LZMA boot failed
Loader:raw Filesys:raw Dev:flash0.os File: Options:(null)
Loading: .. 5192 bytes read
Entry at 0x80001000
Closing network.
Starting program at 0x80001000
Linux version 2.6.22.19 (root@tomato) (gcc version 4.2.4) #22 Mon Dec 5 07:45:34
 CET 2016
CPU revision is: 00019740

(snipped – full output here)

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eth0: Broadcom BCM47XX 10/100/1000 Mbps Ethernet Controller 5.110.27.20012
wl_module_init: passivemode set to 0x0
eth1: Broadcom BCM4329 802.11 Wireless Controller 5.110.27.20012
PCI: Enabling device 0000:01:01.0 (0000 -> 0002)
eth2: Broadcom BCM4331 802.11 Wireless Controller 5.110.27.20012
/ #

This shows Tomato (the custom firmware) is booting up (and possibly failing at some point), and we can see the TFTP daemon starting as well. I tried to use the output as guidance to do the timed TFTP trick, yet with no result. Having a root-y # prompt at the end allowed me to fool around a bit, but not to properly start the tftp daemon or change anything much useful.

I was about to give up, but this page shows the trick: during boot, you can quickly press Ctrl+C and get to a Common Firmware Enviroment CFE> prompt:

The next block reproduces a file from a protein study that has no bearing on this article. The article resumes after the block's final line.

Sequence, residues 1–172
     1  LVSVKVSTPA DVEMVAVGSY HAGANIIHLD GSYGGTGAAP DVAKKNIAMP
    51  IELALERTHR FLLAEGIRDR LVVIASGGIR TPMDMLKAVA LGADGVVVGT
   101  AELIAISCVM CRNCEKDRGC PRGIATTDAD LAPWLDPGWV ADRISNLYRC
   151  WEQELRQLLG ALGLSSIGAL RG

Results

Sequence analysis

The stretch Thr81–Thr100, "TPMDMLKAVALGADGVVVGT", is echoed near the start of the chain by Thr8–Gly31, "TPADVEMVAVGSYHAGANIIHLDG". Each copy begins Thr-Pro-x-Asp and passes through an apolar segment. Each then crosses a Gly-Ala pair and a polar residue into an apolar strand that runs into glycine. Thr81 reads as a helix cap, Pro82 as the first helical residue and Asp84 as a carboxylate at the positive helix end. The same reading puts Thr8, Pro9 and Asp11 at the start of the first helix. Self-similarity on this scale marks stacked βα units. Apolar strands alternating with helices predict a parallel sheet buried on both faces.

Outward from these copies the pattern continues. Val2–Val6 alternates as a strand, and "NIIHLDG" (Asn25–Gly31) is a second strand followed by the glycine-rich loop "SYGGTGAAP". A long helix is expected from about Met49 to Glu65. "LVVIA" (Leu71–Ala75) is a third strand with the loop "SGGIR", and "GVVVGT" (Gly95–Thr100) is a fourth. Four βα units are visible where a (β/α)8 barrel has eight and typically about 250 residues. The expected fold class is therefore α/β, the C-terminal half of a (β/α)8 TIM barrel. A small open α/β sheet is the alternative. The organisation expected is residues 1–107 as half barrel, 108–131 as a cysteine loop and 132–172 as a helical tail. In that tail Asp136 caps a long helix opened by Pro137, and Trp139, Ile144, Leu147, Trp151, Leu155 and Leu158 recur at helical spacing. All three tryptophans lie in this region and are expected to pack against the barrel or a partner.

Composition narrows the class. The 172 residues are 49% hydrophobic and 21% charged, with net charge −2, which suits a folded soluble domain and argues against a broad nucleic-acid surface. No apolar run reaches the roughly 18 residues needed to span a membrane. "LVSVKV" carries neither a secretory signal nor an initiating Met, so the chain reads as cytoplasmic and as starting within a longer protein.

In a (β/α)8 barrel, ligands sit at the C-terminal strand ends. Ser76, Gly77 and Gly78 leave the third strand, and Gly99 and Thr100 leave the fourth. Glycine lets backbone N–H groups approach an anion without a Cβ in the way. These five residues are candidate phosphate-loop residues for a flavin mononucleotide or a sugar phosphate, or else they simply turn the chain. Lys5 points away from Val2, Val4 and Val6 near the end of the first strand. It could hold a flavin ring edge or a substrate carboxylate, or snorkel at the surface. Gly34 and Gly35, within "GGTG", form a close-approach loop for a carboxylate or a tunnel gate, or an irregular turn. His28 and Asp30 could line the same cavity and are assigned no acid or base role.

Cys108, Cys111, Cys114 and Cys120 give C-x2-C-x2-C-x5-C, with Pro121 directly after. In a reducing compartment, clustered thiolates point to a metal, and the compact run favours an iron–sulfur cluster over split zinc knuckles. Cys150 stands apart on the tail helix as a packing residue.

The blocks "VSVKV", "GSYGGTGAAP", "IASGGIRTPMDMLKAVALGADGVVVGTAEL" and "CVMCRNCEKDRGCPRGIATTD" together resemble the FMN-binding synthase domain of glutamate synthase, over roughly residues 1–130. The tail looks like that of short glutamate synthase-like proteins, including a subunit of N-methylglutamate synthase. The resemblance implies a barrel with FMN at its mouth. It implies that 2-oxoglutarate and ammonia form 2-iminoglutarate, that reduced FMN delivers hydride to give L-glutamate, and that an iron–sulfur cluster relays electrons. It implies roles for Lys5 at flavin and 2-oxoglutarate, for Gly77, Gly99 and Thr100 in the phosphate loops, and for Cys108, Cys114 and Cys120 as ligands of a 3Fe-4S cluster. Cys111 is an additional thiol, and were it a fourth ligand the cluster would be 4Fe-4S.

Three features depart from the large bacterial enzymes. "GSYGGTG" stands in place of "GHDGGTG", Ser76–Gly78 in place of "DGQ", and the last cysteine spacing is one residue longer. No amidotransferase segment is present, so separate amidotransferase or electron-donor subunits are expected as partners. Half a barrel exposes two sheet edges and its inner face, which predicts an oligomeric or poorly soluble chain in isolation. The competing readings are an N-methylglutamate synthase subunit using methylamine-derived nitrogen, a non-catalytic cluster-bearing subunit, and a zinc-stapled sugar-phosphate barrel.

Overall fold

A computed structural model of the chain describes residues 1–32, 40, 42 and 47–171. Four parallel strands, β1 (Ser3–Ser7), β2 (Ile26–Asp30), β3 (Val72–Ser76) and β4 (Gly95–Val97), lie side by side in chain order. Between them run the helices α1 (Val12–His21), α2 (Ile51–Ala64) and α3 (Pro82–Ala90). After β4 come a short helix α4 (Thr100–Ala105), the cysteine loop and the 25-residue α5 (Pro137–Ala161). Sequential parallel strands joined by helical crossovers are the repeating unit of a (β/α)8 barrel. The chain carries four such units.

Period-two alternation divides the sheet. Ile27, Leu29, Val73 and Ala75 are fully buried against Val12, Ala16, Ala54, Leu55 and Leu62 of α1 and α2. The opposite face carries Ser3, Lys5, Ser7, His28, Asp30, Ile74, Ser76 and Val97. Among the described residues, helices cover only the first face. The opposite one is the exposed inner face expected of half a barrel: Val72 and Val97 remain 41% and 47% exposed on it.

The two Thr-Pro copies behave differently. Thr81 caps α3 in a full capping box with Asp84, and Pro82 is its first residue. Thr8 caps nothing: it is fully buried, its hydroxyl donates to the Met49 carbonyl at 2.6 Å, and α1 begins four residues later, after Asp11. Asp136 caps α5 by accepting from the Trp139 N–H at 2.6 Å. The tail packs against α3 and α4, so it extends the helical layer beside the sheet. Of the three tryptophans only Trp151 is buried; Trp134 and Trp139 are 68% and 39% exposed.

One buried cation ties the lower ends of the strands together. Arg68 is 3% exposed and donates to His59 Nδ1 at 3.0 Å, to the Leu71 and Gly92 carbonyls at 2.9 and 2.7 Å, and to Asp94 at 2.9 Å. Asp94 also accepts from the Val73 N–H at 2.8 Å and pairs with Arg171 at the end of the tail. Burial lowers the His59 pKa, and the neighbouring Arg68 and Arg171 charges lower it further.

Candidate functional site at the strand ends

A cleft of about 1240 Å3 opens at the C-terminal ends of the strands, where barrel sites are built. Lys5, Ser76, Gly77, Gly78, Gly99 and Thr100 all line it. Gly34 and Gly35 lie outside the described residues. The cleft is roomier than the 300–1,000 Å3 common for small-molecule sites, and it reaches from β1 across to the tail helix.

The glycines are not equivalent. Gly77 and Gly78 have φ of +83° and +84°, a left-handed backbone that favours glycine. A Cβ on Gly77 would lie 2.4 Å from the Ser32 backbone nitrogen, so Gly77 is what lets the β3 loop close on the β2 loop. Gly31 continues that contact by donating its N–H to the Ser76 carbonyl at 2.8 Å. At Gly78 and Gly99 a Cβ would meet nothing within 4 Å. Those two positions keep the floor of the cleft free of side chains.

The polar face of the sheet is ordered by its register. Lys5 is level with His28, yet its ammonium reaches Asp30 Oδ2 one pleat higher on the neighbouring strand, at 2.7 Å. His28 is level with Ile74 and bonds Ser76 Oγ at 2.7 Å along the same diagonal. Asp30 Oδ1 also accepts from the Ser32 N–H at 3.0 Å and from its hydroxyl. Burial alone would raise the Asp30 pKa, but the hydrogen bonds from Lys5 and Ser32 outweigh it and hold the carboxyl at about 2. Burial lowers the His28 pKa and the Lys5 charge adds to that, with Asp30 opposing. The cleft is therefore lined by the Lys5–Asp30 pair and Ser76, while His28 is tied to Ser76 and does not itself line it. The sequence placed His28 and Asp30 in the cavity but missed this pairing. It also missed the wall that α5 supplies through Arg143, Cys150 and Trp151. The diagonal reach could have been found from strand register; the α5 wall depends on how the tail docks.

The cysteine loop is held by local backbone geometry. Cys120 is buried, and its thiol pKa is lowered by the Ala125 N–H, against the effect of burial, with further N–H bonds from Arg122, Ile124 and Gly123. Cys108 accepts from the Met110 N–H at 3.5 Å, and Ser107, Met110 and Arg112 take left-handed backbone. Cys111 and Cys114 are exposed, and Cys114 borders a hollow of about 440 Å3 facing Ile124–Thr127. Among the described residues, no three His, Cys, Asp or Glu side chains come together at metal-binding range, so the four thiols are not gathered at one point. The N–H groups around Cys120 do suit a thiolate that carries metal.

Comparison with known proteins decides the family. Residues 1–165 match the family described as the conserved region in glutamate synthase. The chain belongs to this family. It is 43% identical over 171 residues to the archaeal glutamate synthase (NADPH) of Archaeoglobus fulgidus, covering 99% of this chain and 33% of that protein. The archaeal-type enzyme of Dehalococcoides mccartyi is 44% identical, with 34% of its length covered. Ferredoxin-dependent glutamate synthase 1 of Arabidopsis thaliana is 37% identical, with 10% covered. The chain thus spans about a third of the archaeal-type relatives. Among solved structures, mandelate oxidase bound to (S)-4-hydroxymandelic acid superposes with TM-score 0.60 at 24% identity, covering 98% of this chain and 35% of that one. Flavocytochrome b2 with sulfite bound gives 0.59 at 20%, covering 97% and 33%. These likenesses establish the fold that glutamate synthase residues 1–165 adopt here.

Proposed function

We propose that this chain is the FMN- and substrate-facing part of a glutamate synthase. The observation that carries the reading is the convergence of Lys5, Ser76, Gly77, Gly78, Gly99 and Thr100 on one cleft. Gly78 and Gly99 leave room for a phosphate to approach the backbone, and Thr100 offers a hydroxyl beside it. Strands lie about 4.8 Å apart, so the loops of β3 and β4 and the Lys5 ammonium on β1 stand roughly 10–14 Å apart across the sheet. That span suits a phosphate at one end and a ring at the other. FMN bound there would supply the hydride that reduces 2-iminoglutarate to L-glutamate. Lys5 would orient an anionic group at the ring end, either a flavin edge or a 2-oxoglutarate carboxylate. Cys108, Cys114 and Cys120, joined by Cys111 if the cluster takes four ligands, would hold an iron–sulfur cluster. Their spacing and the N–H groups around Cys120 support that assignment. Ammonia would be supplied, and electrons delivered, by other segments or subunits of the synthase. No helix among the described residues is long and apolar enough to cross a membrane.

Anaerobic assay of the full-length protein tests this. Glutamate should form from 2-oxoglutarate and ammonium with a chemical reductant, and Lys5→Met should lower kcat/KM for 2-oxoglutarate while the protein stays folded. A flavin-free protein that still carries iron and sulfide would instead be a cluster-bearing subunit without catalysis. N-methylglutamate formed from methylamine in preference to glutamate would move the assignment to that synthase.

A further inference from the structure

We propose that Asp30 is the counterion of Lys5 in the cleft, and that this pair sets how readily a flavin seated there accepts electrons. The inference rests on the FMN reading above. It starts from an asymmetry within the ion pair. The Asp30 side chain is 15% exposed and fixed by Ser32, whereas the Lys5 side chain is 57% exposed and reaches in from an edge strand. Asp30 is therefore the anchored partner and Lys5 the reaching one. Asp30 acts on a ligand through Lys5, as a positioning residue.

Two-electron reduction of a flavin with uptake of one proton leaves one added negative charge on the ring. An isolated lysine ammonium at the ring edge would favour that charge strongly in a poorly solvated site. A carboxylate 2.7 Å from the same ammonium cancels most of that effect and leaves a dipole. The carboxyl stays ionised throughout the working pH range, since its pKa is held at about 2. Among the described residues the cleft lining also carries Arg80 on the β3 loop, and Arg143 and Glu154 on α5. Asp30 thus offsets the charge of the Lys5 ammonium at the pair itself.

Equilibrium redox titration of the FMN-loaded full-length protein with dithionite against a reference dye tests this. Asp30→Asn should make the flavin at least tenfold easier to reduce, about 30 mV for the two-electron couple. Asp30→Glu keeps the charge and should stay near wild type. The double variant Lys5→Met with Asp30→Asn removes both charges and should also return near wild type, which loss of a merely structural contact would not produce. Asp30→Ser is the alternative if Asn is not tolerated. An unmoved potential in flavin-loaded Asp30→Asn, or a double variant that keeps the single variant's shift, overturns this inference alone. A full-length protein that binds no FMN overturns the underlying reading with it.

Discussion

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Decompressing..........done
Decompressing..........done


CFE for WNDR3700v3 version: v1.0.6
Build Date: Wed May 18 17:25:10 CST 2011
Init Arena
Init Devs.
Boot partition size = 262144(0x40000)
Found an ST compatible serial flash with 128 64KB blocks; total size 8MB
et0: Broadcom BCM47XX 10/100/1000 Mbps Ethernet Controller 2010.09.30.0
CPU type 0x19740: 480MHz
Tot mem: 65536 KBytes

Device eth0:  hwaddr 2C-B0-5D-44-1A-1C, ipaddr 192.168.1.1, mask 255.255.255.0
        gateway not set, nameserver not set
Startup canceled
CFE> ^C
CFE> ^C
CFE> ^C
CFE> ^C
CFE>

That shell allowed me to start tftpd manually. That instance would not time out, allowing the proper transfer of the firmware:

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CFE> tftpd
Start TFTP server
Reading :: Done. 7258170 bytes read
Programming...done. 7258170 bytes written
Write len/chksum offset @ 0x006FFFF8...done.
Decompressing..........done

Once that process was finished, a reboot brought my router back to life, with the original system’s boot message:

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Linux version 2.6.22 (lawrence@foxconncpe2) (gcc version 4.2.3) #8 Sat Dec 14 13
:13:11 CST 2013

The full output of the original firmware suggests the CFE is not overwritten when a new firmware is flashed – meaning it will always be there as a last resource.

Of course, figuring all this took me a very long time. In the meantime, I had to get a new router, and I picked the LinkSys WRT3200ACM – a spiritual descendant of the WRT54G series that started the custom router firmware frenzy. Its beefed-up wireless specs guarantee consistent Splatoon matches. But it was quite fun to get “old” router back in working shape – and I learned a ton on the process!